Browsing named entities in The Daily Dispatch: January 25, 1862., [Electronic resource]. You can also browse the collection for Kansas (Kansas, United States) or search for Kansas (Kansas, United States) in all documents.

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sas, and the indian country will not come peacefully under the laws of the Government, my plan is to make them a wilderness. I would give the traitors twenty-four hours to choose between exile and death. Sir, If I can't do better, I will kill off the white traitors, and give their lands to loyal black men!" The friends of Lane assert that, upon hearing this reply, McClellan laughed heartily, and said, "You must work out your own plans Go your own way, and see that no rebel sets his foot in Kansas." Release of Hon. R. H. Stanton from Fort Lafayette. From the Maysville (Ky.) Eagle we copy the following: On last Tuesday night the Hon. R. H. Stanton returned to his home in this city, having been relased from confinement at Fort Lafayette. We learn that some of his enthusiastic admirers among the young Secessionists indulged in rapturous shouts for Jeff. Davis when they caught sight of Mr. Stanton, doubtless thinking that such sounds would prove gladsome to him, and clear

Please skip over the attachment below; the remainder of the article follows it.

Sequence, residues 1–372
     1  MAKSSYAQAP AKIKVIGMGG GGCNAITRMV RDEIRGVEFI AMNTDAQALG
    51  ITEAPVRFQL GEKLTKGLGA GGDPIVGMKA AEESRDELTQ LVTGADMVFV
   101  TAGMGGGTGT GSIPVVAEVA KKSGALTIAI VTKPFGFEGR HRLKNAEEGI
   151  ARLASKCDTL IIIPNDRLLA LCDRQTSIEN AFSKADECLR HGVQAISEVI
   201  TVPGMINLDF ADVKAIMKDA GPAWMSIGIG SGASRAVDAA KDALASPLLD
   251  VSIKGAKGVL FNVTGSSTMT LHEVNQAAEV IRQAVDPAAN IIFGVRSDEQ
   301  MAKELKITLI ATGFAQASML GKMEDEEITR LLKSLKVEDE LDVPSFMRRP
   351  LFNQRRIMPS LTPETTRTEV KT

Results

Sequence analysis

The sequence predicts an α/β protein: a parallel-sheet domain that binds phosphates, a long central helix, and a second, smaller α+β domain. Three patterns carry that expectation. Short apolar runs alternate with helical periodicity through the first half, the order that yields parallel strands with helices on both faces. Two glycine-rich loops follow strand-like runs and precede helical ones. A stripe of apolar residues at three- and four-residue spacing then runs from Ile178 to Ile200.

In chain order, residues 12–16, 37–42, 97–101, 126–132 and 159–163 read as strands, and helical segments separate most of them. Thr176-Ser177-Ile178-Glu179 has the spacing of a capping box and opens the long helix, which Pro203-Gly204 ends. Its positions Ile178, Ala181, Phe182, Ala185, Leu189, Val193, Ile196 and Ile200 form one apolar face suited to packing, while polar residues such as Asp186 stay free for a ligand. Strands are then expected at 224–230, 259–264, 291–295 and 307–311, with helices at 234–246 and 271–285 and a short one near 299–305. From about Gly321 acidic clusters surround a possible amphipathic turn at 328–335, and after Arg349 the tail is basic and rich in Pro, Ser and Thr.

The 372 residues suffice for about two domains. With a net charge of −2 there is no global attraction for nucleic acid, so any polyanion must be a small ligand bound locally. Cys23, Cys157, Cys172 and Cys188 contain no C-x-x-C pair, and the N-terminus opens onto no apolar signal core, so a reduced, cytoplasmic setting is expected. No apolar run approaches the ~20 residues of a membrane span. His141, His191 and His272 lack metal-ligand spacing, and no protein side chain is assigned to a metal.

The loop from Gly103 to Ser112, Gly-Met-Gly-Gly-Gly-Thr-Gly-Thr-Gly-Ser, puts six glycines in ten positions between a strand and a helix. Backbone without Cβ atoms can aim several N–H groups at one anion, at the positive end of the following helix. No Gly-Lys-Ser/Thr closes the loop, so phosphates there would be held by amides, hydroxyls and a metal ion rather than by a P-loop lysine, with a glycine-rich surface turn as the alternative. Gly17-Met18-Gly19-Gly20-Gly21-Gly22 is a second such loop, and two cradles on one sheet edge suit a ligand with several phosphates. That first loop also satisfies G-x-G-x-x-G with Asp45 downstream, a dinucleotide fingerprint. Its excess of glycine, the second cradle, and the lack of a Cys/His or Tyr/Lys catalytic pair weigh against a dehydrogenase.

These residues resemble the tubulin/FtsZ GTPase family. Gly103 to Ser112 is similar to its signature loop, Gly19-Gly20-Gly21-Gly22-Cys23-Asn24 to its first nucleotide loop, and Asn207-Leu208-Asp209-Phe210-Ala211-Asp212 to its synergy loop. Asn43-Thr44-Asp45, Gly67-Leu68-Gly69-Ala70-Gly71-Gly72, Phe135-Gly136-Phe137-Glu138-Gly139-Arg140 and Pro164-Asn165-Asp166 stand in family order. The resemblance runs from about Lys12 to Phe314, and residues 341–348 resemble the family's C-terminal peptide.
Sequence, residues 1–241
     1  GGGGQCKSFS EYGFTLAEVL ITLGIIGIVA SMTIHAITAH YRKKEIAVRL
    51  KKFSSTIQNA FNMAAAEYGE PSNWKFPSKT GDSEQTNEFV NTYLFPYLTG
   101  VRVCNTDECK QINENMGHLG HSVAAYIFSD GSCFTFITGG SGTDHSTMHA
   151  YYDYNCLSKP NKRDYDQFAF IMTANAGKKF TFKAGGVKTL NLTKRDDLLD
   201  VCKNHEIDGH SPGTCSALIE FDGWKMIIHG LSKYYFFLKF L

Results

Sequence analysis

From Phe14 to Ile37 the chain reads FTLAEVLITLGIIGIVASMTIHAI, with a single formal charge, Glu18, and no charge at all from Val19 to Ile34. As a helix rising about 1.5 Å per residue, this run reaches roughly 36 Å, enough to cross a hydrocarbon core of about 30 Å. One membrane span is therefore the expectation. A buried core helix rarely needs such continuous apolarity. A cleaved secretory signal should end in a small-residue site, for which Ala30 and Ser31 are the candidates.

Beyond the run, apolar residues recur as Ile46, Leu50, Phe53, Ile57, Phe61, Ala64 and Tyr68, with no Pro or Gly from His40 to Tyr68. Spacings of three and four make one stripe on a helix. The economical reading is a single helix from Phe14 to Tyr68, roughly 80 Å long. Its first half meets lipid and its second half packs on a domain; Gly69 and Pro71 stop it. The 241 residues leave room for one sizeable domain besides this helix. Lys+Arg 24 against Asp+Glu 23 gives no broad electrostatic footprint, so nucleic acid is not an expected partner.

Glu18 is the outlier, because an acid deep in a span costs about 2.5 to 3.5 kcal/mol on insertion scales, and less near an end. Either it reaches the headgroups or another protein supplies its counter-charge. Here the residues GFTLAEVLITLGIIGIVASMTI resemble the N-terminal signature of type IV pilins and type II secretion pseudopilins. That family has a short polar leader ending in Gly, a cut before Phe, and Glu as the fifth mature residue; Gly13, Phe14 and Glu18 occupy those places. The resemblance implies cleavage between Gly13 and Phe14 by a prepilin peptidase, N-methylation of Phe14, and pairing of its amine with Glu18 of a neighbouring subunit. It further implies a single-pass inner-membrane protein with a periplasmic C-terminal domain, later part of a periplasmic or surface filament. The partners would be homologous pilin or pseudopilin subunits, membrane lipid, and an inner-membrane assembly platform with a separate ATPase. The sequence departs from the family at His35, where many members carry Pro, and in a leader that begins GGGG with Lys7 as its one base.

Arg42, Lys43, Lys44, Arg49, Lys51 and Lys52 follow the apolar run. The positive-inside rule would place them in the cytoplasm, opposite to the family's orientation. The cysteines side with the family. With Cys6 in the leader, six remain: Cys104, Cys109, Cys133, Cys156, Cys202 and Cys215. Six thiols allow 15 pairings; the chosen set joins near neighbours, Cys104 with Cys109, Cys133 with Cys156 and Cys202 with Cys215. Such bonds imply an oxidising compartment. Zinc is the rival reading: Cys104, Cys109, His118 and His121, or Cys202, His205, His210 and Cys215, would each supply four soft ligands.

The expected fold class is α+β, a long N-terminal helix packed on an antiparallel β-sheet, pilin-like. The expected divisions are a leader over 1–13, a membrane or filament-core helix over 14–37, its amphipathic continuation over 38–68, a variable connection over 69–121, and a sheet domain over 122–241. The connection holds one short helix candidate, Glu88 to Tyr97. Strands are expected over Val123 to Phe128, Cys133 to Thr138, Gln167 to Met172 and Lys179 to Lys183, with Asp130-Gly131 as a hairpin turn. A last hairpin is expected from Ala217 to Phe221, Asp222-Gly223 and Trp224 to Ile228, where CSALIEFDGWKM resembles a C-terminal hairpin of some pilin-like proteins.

re is no probability, therefore, of the yard being closed at present. It is stated that the order for the Rhode Island to go to Boston has been countermanded upon the representation that the workmen are willing to resume work. News from Kansas--trouble between the Jayhawkers. Leavenworth, Jan. 20. --In the case of Crawford vs. Robinson, contesting the right to the Governorship of Kansas, the Supreme Court has refused to grant the writ of mandamus applied for by the contestant, Kansas, the Supreme Court has refused to grant the writ of mandamus applied for by the contestant, Crawford. Under this decision, Robinson, the present incumbent, holds over for a year longer. Considerable excitement exists at Atchison to-day, owing to a collision between the citizens and a band of Jayhawkers. Some arrests have been made, and more trouble is expected. Affairs on the Upper Potomac. Frederick, Md., Jan. 19. --Private, but usually reliable advices from Hancock, state that Gen. Jackson's retirement from Hancock, and his pretended retreat towards Winchester